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Gannett optimistic as net tops forecast


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POSTED: Thursday, July 16, 2009

SAN FRANCISCO » Gannett Co., the largest U.S. newspaper publisher and owner of the Honolulu Advertiser, used sharp cost cuts to deliver a higher-than-expected second-quarter profit yesterday and offered a wisp of hope that the industry's advertising drought may be subsiding.

The report showed Gannett's revenue continuing to slide in the last quarter, but its executives indicated advertisers are gradually spending a little more money on newspapers. Gannett's long-sagging shares spiked 29 percent.

Gannett's total revenue, which includes newspaper sales and revenue from its television stations, dropped 18 percent to $1.41 billion.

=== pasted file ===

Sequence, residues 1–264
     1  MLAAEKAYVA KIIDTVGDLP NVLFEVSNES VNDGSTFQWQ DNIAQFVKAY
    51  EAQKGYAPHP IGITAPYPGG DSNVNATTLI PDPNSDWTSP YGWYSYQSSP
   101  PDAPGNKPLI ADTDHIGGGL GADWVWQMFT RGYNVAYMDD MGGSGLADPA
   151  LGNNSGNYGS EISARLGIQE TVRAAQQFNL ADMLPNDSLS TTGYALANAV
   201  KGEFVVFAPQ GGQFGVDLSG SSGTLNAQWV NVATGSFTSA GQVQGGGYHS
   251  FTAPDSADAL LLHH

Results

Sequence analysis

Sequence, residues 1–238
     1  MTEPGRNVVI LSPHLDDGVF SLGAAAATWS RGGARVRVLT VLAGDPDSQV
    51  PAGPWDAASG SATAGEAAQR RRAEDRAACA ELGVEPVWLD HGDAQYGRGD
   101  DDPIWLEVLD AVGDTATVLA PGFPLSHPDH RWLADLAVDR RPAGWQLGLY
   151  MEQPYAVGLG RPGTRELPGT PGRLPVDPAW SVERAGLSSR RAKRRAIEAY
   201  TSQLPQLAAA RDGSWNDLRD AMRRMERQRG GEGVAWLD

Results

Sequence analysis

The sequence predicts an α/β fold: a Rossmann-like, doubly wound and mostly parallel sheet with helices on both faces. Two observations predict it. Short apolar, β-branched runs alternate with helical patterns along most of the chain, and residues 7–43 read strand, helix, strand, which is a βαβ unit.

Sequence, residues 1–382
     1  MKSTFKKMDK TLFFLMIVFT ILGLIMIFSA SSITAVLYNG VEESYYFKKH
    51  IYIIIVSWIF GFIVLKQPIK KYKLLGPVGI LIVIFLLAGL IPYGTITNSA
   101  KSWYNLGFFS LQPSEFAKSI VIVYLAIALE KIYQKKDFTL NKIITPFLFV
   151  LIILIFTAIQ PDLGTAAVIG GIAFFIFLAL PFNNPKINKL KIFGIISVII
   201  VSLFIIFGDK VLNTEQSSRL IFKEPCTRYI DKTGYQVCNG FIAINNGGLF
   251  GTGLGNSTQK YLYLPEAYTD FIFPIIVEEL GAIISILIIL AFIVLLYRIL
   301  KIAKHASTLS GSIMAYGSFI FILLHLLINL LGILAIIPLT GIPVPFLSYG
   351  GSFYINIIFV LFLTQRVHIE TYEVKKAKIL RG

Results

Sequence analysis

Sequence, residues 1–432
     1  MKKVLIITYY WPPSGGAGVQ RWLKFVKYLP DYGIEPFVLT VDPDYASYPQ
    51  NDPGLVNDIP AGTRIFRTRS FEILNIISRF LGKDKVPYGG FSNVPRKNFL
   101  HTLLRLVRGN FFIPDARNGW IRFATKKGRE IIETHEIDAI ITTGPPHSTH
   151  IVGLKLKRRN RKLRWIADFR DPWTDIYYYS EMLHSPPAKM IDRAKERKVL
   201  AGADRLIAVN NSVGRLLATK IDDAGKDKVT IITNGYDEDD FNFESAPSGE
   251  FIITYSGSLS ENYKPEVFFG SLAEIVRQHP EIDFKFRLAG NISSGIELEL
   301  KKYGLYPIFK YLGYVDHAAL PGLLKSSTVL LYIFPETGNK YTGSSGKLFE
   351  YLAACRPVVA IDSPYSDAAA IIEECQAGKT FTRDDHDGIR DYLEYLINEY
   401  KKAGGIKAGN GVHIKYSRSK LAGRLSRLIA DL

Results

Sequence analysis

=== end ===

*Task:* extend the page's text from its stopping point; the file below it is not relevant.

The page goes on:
With less money coming in, McLean, Va.-based Gannett has been cutting costs relentlessly during the past year. The company has eliminated thousands of jobs and forced most U.S. employees to take two unpaid weeks of leave during the first six months of this year.

Gannett's frugality paid off with a second-quarter profit of $70.5 million, or 30 cents per share. That contrasted with a loss of $2.3 billion, or $10.03 per share, in the same period last year, when Gannett absorbed a large write-down to account for its diminished market value.

Gannett shares gained $1.01 to close at $4.50. The stock has fallen by more than 90 percent since the newspaper industry's ad revenue began to crumble at the end of 2005.

Investors probably wouldn't have been so excited about the modest progress that Gannett reported yesterday if its management hadn't stressed that the advertising downturn started to ease in June and that the trend has continued this month.